U.S. Department of Agriculture officials found out why Monday, when 75 Western livestock producers gave them an earful during a meeting. The "listening session" was one of seven scheduled around the country in May and June to hear ranchers' concerns, with the goal of increasing participation in the program.
Those concerns haven't changed much in five years: The cost is too high for small farmers. The regulations amount to bureaucratic suffocation. The program neither prevents nor controls disease. And what's in a farmer's pasture is nobody's business.
"This is the last of your freedom, boys. Freedom restricted is freedom lost," said Bert Smith, a cattleman from Layton, Utah, who owns Ox Ranch in Ruby Valley, Nev.
The nationwide tracking system started in 2004 is intended to pinpoint an animal's location within 48 hours after a disease is discovered. Farmers were to have voluntarily registered their properties with their states by January 2008. Mandatory reporting of livestock movements was to begin one year later.
But just 36 percent of the nation's estimated 1.4 million farm "premises," which includes farms' multiple locations, are registered for the program.
As of March 31, 2009, the USDA has put $119.4 million toward the program, which it says will help ensure the safety of the food supply, particularly for export markets that may refuse to accept U.S. beef, pork or poultry during a disease outbreak.
During the recent swine flu epidemic, several countries banned U.S. pork products, even though there is no evidence the virus is spread by food.
The proposed system does nothing to prevent disease, and animal tracking would be better left for states to handle themselves, said Wade King, president of the Cattle Producers of Washington.
"USDA should be focused on preventing the disease instead of tracing it," he said. "The feds shouldn't be getting into this program."
Carol Osterman of Akyla Farms in LaConner, Wash., said her small farm of cattle, goats, pigs, llamas, poultry and horses would be forced to close if the suggested "regulatory burden" becomes a reality.
She recommended the program be eliminated, or at best, applied only to large, confined-animal feeding operations.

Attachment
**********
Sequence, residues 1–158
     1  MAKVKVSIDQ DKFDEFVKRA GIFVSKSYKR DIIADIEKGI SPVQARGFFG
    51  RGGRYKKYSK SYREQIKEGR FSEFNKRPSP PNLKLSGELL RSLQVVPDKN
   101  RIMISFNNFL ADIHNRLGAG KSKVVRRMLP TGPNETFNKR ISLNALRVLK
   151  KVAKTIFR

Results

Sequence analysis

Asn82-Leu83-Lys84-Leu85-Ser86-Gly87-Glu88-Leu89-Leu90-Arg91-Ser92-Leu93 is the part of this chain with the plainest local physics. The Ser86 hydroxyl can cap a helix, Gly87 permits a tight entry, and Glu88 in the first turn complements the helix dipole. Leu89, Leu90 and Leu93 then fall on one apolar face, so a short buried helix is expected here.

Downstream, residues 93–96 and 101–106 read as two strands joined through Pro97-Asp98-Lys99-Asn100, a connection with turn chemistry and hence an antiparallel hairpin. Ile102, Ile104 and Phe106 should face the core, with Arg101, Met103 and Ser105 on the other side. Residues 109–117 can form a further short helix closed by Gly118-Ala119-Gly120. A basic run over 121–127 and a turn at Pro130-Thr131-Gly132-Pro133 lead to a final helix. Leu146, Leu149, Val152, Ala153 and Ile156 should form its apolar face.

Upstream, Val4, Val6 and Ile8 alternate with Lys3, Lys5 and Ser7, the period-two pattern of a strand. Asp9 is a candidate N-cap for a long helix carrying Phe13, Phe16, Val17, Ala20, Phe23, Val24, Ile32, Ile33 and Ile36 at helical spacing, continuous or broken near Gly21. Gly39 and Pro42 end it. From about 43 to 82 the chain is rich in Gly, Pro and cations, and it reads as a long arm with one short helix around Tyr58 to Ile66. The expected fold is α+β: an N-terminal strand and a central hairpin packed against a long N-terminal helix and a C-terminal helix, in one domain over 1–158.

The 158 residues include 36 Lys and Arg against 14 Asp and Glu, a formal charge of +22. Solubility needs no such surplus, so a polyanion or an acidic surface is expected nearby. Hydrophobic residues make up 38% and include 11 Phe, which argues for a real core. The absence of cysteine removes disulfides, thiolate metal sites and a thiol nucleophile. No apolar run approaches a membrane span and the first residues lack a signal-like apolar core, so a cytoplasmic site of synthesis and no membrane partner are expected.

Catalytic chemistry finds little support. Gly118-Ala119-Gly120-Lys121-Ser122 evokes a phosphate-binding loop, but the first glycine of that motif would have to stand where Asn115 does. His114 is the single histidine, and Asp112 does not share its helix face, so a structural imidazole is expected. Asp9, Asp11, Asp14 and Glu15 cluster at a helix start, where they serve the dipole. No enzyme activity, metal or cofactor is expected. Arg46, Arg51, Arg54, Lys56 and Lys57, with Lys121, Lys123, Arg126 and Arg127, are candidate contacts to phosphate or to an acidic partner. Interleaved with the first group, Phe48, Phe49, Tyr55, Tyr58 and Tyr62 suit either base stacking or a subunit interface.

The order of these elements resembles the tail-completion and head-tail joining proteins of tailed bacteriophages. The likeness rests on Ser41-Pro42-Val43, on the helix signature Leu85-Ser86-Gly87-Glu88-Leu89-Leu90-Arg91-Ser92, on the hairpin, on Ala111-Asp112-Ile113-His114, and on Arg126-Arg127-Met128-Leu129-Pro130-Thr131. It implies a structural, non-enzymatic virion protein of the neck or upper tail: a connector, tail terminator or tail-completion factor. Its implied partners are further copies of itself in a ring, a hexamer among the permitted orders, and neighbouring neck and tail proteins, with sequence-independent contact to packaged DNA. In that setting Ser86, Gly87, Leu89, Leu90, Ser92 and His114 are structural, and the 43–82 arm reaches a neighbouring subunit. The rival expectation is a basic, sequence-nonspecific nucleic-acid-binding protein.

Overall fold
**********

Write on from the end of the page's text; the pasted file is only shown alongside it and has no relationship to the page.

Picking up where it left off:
Electronic tracking systems might not work in the cold, snow and rain that cattlemen and their herds must endure, said Will Wolf, who raises up to 300 head of cattle at his ranch south of Spokane, Wash. and markets 25,000 cattle each year from the region.
"It has to be a system that works at the speed of commerce or close to it," he said. "There are way too many problems to do it. It just won't work."
The ability to trace animals from birth to slaughter became crucial following the discovery of mad cow disease in a Mabton, Wash., dairy cow in December 2003. That cow's origins were later traced to Canada, but federal authorities were never able to trace all the animal's herdmates, which may have eaten the same feed.
The only way cattle are known to get the disease is by eating feed containing certain tissues from infected animals.
So far, the level of participation varies by livestock species, though no data was immediately available. USDA spokeswoman Joelle Schelhaus said the opportunity for improving participation in the cattle industry is highest due to its sheer size.
Separate surveillance programs for brucellosis and tuberculosis track fewer than 20 percent of cattle, while 90 percent of sheep are tracked under a similar surveillance program for scrapie.
Only two people spoke out strongly in favor of the program, one of them a representative for a company that supplies animal identification tags.
Michael Coe of Global Animal Management said his family started the program at its dairy farm without significant hardship. He urged ranchers to participate in developing a program they can work with.
"If we just fight it, we may be handed something we will not like," he said.